ou probably know that the word nosh comes to us from Yiddish, which in turn took it from the German naschen, “to nibble.” Most of us think of nosherai – snack food – as junk food. But noshing can also mean simply eating between meals, without the unhealthy connotation. So how can we nudge ourselves toward more nutritious noshing?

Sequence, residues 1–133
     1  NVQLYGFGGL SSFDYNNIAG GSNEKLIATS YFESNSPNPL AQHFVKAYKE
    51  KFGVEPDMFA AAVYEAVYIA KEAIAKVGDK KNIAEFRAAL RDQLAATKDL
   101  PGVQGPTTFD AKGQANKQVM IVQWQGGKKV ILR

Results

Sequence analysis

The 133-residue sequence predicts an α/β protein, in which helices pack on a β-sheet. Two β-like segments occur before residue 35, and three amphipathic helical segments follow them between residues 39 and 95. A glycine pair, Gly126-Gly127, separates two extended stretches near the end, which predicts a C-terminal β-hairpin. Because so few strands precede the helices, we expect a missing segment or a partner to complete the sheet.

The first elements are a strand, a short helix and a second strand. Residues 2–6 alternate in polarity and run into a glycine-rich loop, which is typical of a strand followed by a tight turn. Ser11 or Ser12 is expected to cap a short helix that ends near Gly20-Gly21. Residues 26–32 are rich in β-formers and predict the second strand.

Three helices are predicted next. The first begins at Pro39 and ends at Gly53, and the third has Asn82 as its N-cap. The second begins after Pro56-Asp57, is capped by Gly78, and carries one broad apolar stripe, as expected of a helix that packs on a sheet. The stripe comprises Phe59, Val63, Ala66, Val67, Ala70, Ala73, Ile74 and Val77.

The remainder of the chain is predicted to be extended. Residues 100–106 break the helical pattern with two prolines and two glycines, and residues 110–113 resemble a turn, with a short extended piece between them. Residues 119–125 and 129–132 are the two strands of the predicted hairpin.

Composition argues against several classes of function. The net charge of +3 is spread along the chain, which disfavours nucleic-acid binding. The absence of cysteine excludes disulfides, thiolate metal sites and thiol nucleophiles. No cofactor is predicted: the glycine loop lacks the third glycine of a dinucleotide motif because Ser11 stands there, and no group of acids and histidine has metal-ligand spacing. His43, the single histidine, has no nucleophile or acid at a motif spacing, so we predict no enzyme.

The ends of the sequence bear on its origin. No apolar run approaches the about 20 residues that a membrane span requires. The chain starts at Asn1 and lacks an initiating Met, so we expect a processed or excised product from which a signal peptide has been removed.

To start, I have a challenge for you: keep track of your noshing for three days. Yes, write down all those between-meal chips, cookies, fruits, and granola bars. Then analyze what you see. Do you have a snack at least once a day? If so, you are like nine in ten Americans, according to national dietary surveys. The fact is, noshing even several times daily is not inherently good or bad. It all depends on the quality of the foods you’re eating. Many of the most common snacks, such as chips, cookies, and candy bars, are high in salt or sugar and may contain poor-quality fats and other undesirable ingredients. This is not ideal. There are many better choices available. For example, choosing snacks that are high in protein can actually provide many health benefits.